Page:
Dubbo's property market practices are changing in response to coronavirus but the industry's wheels are still turning for transactions and property management.
Multiple agents are advising of swapping from traditional open homes to inspections by video and FaceTime, and of auctions going online from midnight Wednesday.
The changes are in response to a ban imposed by the national cabinet to help limit the spread of COVID-19.
It was welcomed by Real Estate Institute of NSW Orana division chairman Adam Wells, who said it provided clarity for the industry.
He said measures were being put in place to keep agents, vendors, prospective buyers, landlords and tenants safe. They included moving to private inspections by appointment for all properties and being diligent in who was coming through the doors, he said.
"Making sure we're as an industry asking questions about whether people have been travelling overseas, whether they've been sick in the past couple of weeks, things like that," Mr Wells said.
"That's the goal in all of this is to just ensure people are still remaining safe, but still needing to operate a service that's very important for landlords and tenants, and vendors and purchasers.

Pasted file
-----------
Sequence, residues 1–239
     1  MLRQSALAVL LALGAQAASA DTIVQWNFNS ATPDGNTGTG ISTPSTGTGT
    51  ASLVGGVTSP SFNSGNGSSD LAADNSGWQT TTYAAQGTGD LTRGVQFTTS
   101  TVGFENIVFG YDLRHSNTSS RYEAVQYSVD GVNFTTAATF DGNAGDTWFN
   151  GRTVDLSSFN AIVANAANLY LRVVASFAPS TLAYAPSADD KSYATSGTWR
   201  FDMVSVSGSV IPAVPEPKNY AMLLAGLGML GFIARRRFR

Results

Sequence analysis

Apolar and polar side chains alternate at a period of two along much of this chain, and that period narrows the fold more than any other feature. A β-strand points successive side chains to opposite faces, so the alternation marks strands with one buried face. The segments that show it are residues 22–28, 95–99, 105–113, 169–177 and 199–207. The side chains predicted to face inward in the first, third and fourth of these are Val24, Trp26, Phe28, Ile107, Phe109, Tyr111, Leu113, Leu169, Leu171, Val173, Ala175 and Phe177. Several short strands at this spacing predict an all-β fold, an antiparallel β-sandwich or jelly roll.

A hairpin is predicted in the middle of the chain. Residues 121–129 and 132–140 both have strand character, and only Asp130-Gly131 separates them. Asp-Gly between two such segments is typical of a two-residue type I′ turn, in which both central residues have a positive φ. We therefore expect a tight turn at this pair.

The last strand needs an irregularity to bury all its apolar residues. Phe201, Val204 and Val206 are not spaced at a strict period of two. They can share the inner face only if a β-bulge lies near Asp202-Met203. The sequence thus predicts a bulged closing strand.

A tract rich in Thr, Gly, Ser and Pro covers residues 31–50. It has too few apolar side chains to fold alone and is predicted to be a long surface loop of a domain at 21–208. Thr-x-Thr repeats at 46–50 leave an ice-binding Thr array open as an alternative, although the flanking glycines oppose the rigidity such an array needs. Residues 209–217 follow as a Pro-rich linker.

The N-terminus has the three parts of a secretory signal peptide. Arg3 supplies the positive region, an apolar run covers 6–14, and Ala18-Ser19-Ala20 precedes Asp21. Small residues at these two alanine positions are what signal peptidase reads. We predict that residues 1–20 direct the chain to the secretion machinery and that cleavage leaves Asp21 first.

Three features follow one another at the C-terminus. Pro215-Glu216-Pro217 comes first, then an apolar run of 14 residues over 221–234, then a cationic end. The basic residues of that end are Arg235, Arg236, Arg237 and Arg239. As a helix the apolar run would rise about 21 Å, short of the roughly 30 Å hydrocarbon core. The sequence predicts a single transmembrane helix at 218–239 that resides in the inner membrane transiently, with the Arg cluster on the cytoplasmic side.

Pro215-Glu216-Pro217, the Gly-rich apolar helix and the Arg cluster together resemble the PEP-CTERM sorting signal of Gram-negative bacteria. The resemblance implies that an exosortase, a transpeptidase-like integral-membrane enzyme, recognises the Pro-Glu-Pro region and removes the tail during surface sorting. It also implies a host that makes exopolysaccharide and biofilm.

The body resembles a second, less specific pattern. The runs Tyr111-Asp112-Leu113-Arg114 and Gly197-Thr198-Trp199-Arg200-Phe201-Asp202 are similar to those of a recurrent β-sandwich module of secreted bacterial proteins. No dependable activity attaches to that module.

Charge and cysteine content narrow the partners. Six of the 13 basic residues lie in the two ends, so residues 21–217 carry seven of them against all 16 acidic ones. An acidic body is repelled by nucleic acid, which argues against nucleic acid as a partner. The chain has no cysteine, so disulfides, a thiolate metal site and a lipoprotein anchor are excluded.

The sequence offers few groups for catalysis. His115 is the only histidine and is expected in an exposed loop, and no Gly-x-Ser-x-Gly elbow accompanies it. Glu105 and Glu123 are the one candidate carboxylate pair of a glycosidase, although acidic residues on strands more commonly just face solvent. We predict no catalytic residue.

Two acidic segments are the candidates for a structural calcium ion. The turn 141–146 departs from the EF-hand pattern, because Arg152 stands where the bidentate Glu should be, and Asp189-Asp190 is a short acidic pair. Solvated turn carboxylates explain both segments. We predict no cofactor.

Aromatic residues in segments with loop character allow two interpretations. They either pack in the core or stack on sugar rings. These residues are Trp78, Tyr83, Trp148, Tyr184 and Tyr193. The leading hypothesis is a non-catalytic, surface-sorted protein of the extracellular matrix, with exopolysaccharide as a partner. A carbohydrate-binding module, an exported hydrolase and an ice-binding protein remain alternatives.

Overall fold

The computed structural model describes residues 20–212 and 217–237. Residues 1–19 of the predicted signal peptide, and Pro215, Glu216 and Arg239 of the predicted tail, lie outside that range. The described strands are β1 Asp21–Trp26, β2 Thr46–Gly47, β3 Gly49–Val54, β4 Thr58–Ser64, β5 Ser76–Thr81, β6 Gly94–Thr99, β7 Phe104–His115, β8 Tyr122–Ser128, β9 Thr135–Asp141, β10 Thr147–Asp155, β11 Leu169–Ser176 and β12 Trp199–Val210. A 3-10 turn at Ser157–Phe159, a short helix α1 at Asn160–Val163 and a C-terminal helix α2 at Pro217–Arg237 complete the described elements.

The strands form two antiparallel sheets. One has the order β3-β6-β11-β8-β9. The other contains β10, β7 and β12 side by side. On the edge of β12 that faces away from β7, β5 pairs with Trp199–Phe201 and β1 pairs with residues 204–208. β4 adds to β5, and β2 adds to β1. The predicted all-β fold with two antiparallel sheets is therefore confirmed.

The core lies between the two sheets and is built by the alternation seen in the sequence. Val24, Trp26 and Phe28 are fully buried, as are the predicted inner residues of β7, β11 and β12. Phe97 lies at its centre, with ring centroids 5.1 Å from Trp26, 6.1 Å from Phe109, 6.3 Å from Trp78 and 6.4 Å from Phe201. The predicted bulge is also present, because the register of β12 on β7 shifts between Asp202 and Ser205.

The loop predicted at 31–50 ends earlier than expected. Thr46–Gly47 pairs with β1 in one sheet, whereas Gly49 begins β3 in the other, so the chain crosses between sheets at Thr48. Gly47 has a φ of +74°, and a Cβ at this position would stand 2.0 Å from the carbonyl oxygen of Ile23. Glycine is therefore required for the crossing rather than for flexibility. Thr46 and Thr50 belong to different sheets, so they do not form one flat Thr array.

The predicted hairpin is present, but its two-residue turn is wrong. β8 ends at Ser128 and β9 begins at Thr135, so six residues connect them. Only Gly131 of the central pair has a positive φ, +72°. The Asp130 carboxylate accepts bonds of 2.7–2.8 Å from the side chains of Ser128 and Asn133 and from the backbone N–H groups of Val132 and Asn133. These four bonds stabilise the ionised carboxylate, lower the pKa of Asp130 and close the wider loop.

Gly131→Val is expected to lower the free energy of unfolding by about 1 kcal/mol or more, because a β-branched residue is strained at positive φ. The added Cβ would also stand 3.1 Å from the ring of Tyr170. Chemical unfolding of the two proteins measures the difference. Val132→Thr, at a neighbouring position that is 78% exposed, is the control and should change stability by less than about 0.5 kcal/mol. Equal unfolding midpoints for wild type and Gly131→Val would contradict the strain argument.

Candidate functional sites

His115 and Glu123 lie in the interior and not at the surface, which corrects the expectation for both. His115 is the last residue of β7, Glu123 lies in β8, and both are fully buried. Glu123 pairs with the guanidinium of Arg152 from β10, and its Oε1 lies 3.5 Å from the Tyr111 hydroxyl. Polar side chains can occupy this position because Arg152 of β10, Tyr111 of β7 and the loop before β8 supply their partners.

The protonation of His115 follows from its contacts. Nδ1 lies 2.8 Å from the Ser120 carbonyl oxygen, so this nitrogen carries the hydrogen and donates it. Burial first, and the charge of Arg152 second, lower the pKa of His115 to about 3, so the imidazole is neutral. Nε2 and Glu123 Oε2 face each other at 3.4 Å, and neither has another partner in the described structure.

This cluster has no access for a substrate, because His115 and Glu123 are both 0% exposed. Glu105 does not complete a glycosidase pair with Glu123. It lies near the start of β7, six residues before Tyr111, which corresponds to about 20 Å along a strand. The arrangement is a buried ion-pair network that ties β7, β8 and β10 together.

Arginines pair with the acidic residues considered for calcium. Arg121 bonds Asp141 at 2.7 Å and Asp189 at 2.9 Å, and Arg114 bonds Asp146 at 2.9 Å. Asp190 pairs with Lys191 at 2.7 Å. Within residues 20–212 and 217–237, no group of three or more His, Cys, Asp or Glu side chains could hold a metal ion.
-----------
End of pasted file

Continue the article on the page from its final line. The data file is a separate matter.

"There's big life decisions being made for people moving, for selling, for buying... and to be able to still transact is really important."
Mr Wells said a sale of a property this week had resulted in work in the form of pest and building inspections, a valuation, and for a solicitor and mortgage broker.
"So the flow-on effect is just so important to as safely as we can, continue business as we can," he said.
Mr Wells is part of the Elders Dubbo team, and reports on the leasing side, property managers are making sure emergency repairs and the like are being worked through, "because obviously that still needs to happen".
He urged tenants who were under financial strain because of coronavirus to reach out.
"What our office has been talking about and what I imagine I speak on behalf of the other property managers in town is encouraging people, if there are problems with paying rent, to contact your property managers immediately," he said.
"Don't leave it until three weeks, four weeks down the track when you can't [pay]."